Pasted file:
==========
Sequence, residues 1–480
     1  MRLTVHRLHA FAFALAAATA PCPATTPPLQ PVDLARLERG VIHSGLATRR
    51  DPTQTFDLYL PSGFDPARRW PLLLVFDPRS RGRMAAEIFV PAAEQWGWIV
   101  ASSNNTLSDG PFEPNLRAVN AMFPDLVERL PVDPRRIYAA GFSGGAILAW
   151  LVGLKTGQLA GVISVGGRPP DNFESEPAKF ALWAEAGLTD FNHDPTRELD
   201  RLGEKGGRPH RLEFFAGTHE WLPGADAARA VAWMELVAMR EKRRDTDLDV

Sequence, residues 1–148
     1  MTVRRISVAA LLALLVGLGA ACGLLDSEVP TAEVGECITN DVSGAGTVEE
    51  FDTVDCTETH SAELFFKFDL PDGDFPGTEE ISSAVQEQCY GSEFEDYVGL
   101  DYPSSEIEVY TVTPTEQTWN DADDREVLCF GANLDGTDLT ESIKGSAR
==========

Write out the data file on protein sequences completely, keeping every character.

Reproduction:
Sequence, residues 1–480
     1  MRLTVHRLHA FAFALAAATA PCPATTPPLQ PVDLARLERG VIHSGLATRR
    51  DPTQTFDLYL PSGFDPARRW PLLLVFDPRS RGRMAAEIFV PAAEQWGWIV
   101  ASSNNTLSDG PFEPNLRAVN AMFPDLVERL PVDPRRIYAA GFSGGAILAW
   151  LVGLKTGQLA GVISVGGRPP DNFESEPAKF ALWAEAGLTD FNHDPTRELD
   201  RLGEKGGRPH RLEFFAGTHE WLPGADAARA VAWMELVAMR EKRRDTDLDV

Sequence, residues 1–148
     1  MTVRRISVAA LLALLVGLGA ACGLLDSEVP TAEVGECITN DVSGAGTVEE
    51  FDTVDCTETH SAELFFKFDL PDGDFPGTEE ISSAVQEQCY GSEFEDYVGL
   101  DYPSSEIEVY TVTPTEQTWN DADDREVLCF GANLDGTDLT ESIKGSAR